Magical realism–magical elements are part of an otherwise realistic, even mundane world. The magical aspects are not pre-dominant, which is what separates it from sci fi/fantasy. Gabriel Garcia Marquez, Salman Rushdie, Alice Hoffman
Multicultural–features alternative cultures and ethnic groups, a minority viewpoint. Zora Neale Hurston, Amy Tan, Louise Erdrich, Junot Diaz
New Adult–The story focuses on a protagonist (usually female) between the ages of 18 and 25. Plots tend to focus on aspects of life important to that age group, like going to college, getting a first job, getting a first apartment, etc. Can be longer and contain more graphic sex than YA. The protagonists will generally be younger than in adult fiction and less settled, still going through situations of leaving home and maturing into adulthood. Can be any genre. Tammara Webber, Cora Carmack, Jennifer Armentrout’s Wait for You series
Western–set in the historical American West. Louis L’Amour, Elmore Leonard, Larry McMurtry’s Lonesome Dove
Women’s fiction–focuses on a female protagonist’s journey of self-exploration using relationships of all kinds. Gets into a woman’s head and heart. Luanne Rice, Jennifer Weiner, Jodi Picoult
Mystery fiction usually involves the investigation of a crime or a series of crimes by either a professional (police or private eye) or an amateur detective. Generally, the reader knows who the good guy is and tries to discover along with them who the bad guy is (different from a thriller where the bad guys are usually known and the good guy has to stop something from happening.) In suspense, the emphasis is on mood and creating suspended tension and the reader is often made aware of dangers unknown to the protagonist. James M. Cain, Dorothy Sayers, Carl Hiaasen, Mary Willis Walker, Daniel Woodrell, Iris Johansen, Rita Mae Brown, Jeffery Deaver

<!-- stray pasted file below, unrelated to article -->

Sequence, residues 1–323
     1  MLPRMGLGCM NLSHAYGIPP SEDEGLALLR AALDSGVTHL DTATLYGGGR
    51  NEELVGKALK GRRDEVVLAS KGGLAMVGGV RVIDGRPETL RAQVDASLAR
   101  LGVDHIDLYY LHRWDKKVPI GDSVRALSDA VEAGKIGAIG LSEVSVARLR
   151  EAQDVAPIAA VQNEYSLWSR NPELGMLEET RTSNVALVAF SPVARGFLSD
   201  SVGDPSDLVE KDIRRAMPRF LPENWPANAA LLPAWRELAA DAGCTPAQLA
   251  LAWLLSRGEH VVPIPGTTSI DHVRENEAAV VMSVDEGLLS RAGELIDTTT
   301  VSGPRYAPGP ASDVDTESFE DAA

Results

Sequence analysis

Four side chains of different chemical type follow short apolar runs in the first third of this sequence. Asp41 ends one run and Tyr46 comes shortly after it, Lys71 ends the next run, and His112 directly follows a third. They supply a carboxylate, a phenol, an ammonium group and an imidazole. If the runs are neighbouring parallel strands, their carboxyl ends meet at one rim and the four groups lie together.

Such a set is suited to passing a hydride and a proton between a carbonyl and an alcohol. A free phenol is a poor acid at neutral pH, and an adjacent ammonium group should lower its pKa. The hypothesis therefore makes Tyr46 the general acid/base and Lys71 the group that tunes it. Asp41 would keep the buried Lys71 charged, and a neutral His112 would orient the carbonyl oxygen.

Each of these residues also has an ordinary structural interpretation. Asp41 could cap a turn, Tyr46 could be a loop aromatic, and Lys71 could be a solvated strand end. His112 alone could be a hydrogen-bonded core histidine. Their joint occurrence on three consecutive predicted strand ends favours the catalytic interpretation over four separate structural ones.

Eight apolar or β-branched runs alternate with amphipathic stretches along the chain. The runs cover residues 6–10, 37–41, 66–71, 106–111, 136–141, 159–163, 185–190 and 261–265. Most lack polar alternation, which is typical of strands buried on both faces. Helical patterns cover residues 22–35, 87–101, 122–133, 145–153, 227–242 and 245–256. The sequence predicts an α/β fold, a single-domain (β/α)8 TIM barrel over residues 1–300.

Amateur detective–a non-professional sleuth who has a knack for crime-solving. Susan Wittig Albert’s China Bayles, Laura DiSilverio’s Mall Cop series, Jonathan Kellerman’s Alex Delaware series
Cozy–traditionally set in a village or small town, the violence in a cozy is usually minimal. Diane Mott Davidson, Agatha Christie’s Miss Marple series, Stephanie Barron’s Jane Austen mysteries
Historical–set in any time period in the past. The Alienist by Caleb Carr, Anne Perry’s Victorian era Pitt series, the Brother Cadfael mysteries by Ellis Peters
Medical mystery–a doctor or medical examiner who discovers something is amiss at the hospital or morgue. Robin Cook, Kathy Reichs, Patricia Cornwell
Noir–born of post-WWII malaise, noir is generally dark and moody with a main character who can be either a hero or anti-hero. Raymond Chandler, James Ellroy, Vicki Hendricks
Paranormal–a mystery with mystical or supernatural elements. Thomas Perry’s Jane Whitefield, Tony Hillerman’s Navajo mysteries, Victoria Laurie’s Psychic Eye series
Police procedural–a cop or a group of cops solve mysteries. Ed McBain’s 87th Precinct, Donna Leon’s Brunetti series, Michael Connelly
Private eye–a private detective, usually hard-boiled and working in a shadowy underground world of colorful side characters. Sam Spade by Dashiell Hammett, Robert Crais’ Elvis Cole, Sue Grafton’s Alphabet series